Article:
‘Philom­ena’ be­comes preachy, loses its way

The Washington Times Daily - - Television -

The plot of “Philom­ena” seems pre­pos­ter­ous. A teenage girl forced to give up her out-of-wed­lock child in 1950s Catholic Ire­land searches for him half a cen­tury later, only to dis­cover he car­ried his own se­cret shame: He was a clos­eted ho­mo­sex­ual in the high­est ranks of the Repub­li­can Party in the U.S.

But this sen­sa­tion­al­is­tic story is, at least in its broad out­lines, true. And, more shock­ing still, it’s just one trou­bling tale out of the many that the era pro­duced. In this movie based on the book “The Lost Child of Philom­ena Lee” by Martin Six­smith, the un­par­al­leled Judi Dench cap­tures the eter­nal sor­row of one woman who rep­re­sents scores more in the United King­dom and be­yond — not to men­tion the un­known suf­fer­ing of the chil­dren they sur­ren­dered. Yet the re­sult is a film that ul­ti­mately feels false. The film­mak­ers suc­cumbed to the temp­ta­tion to fo­cus on the “lessons” Philom­ena’s story holds for the rest of us at the ex­pense of the mov­ing — and au­then­tic — hu­man story it­self.

Philom­ena has kept her se­cret for more than 50 years, but dur­ing a hol­i­day sea­son in the early 2000s de­cides she can bear the bur­den no more. She tells her daugh­ter Jane (Anna Maxwell Martin) about the lit­tle boy she bore as a teenager in a con­vent in Ro­screa, County Tip­per­ary. Philom­ena’s fa­ther had aban­doned her to the nuns when the preg­nancy be­came ob­vi­ous: “He was so shamed, he told ev­ery­one I was dead.”

There, Philom­ena (played mem­o­rably as a teenager by fea­ture film new­bie So­phie Kennedy Clark) toiled at the Mag­da­lene laun­dry along­side other girls in sim­i­lar sit­u­a­tions. “We were al­lowed to see our chil­dren for an hour a day. That was all.” Un­til one fate­ful day when her son, just a few years old, was given in adop­tion to a cou­ple from Amer­ica. Philom­ena never saw him again, de­spite re­peated trips to the con­vent over the decades: The nuns claimed they had no idea what had be­come of the boy.

The 70-year-old Philom­ena re­lates this story to jour­nal­ist Martin Six­smith (played by Steve Coogan, who also co-wrote the screen­play). Six­smith’s just been sacked from his com­mu­ni­ca­tions job in the Labour govern­ment and is look­ing for a story to re-launch his writ­ing ca­reer. But he has some­thing more se­ri­ous in mind than a “hu­man in­ter­est” story. He soon re­al­izes, of course, that the old woman’s “sappy” story is very se­ri­ous in­deed.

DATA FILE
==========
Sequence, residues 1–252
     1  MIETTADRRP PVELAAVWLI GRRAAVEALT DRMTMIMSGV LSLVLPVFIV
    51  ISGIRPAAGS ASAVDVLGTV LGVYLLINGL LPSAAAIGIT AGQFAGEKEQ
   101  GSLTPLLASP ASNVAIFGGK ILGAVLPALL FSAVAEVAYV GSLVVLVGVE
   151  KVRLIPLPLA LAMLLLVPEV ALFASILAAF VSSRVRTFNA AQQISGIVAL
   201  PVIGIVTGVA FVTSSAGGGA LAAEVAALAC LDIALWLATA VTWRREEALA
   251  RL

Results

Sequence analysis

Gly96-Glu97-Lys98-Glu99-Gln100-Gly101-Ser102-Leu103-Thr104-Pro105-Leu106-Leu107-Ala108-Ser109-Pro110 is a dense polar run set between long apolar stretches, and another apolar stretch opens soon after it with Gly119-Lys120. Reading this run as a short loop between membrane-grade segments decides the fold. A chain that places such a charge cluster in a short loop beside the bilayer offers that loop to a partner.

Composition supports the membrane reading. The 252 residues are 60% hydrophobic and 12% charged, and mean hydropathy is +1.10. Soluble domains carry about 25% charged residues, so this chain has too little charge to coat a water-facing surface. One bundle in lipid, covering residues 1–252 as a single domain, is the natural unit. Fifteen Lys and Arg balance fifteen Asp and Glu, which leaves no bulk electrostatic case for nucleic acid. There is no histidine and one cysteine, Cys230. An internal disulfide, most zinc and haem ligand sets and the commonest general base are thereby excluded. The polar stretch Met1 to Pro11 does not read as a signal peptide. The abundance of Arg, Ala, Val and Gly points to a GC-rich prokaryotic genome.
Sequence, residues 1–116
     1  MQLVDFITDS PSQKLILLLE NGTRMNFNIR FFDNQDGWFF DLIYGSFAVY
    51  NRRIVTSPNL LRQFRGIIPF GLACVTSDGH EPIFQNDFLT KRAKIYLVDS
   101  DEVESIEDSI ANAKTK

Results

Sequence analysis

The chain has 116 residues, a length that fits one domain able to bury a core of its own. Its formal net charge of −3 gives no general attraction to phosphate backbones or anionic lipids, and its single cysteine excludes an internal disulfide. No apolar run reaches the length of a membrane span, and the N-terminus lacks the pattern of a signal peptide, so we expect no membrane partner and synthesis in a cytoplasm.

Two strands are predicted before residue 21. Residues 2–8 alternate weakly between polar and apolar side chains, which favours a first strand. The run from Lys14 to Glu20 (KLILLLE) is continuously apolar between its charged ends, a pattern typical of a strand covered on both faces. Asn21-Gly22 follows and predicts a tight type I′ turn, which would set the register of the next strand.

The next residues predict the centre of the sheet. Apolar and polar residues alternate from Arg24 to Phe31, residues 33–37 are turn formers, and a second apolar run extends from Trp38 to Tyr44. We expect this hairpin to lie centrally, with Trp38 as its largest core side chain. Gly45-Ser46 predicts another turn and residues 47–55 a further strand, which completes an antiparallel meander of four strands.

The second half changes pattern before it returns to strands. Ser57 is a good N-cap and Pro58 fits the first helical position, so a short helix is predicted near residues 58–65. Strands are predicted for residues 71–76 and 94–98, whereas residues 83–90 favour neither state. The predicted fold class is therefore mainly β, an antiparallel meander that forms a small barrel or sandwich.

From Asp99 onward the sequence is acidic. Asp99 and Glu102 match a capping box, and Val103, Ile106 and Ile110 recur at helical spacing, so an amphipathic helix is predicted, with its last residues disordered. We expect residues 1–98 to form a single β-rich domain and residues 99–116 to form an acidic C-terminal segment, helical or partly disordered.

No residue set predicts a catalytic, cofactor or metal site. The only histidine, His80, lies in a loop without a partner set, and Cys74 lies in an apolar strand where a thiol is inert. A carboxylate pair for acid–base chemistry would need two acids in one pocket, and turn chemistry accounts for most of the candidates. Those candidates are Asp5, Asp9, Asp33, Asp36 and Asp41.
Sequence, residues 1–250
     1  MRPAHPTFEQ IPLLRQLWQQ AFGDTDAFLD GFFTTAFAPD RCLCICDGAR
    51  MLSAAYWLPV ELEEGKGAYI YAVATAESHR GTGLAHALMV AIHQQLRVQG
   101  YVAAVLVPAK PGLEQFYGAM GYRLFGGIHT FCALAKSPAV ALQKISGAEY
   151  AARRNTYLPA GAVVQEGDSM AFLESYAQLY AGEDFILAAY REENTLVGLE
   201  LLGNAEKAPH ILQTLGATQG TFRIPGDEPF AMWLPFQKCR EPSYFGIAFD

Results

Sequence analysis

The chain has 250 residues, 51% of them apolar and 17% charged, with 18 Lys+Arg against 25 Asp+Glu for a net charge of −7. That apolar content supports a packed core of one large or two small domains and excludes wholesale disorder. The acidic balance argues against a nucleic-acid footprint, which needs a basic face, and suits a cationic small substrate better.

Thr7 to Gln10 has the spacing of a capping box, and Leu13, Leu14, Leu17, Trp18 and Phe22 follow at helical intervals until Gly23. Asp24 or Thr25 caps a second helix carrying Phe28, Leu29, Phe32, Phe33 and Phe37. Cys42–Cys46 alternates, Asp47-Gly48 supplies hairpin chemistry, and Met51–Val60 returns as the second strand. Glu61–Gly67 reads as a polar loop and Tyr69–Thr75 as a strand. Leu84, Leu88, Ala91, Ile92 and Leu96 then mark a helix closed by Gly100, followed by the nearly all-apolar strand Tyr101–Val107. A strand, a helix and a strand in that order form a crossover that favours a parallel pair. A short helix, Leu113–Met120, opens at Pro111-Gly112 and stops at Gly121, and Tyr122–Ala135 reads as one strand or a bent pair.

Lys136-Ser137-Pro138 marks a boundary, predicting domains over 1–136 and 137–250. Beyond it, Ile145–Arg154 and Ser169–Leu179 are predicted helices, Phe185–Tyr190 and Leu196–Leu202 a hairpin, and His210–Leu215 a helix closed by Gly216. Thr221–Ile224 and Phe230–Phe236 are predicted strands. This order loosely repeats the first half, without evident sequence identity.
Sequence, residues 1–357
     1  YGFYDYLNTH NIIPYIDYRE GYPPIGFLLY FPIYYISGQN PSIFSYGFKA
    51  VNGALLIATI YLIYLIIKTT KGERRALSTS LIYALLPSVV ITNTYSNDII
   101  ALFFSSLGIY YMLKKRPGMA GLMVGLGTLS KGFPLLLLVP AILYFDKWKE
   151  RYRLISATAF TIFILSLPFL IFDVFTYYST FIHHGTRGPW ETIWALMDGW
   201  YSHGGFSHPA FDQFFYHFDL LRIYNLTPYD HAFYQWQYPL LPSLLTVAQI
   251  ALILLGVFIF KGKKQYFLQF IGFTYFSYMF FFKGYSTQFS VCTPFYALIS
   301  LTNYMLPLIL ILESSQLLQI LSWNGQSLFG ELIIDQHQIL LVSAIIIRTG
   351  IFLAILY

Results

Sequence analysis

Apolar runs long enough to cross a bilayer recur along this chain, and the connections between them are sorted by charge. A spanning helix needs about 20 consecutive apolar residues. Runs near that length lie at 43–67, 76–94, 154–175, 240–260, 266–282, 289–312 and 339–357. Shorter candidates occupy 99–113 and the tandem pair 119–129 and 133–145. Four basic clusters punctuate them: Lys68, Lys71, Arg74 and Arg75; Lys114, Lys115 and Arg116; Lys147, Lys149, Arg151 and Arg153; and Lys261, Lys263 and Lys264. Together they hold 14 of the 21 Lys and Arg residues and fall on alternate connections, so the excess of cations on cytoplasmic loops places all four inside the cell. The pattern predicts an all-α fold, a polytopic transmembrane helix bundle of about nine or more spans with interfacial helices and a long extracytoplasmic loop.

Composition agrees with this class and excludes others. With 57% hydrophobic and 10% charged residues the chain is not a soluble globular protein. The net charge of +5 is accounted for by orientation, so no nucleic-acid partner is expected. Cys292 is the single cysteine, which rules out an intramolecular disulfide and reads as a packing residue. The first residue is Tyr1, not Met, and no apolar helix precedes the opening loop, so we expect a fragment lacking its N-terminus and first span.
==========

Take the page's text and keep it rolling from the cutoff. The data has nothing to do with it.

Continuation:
It turns out that the nuns sold chil­dren to rich Amer­i­cans look­ing to adopt. So “Philom­ena” be­comes a sort of odd-cou­ple road-trip film as the so­phis­ti­cated Lon­don jour­nal­ist takes the work­ing-class ex-nurse to the States in search of her son.

Miss Dench gives a typ­i­cally on­tar­get per­for­mance, but Mr. Coogan’s many tal­ents are wasted here. The English co­me­dian’s overly earnest per­for­mance pro­vides no light mo­ments in a drama that could have used a few. His screen­writ­ing isn’t pitch-per­fect, ei­ther: No Amer­i­can would talk of some­one’s ca­reer “whilst at the White House.”

Some re­view­ers have de­cried “Philom­ena” as a tract against the Catholic Church, but the ti­tle char­ac­ter her­self is full of for­give­ness, for the in­sti­tu­tion and those that peo­ple it. It’s the Amer­i­can part of the story that comes clos­est to a ser­mon, as we learn from his col­leagues that Philom­ena’s ho­mo­sex­ual son felt “un­com­fort­able” work­ing for Ron­ald Rea­gan. We’re to un­der­stand that some of the Ir­ish nuns who kept Philom­ena and her lost child apart for­ever might have had vary­ing, even mys­te­ri­ous mo­tives. But Wash­ing­ton, D.C., is shown only in un­mis­tak­able shades of black and white. TI­TLE: CRED­ITS:

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Judi Dench, as the ti­tle char­ac­ter in “Philom­ena,” trav­els to the U.S. in search of the child taken from her years be­fore. Steve Coogan plays the jour­nal­ist ac­com­pa­ny­ing her.

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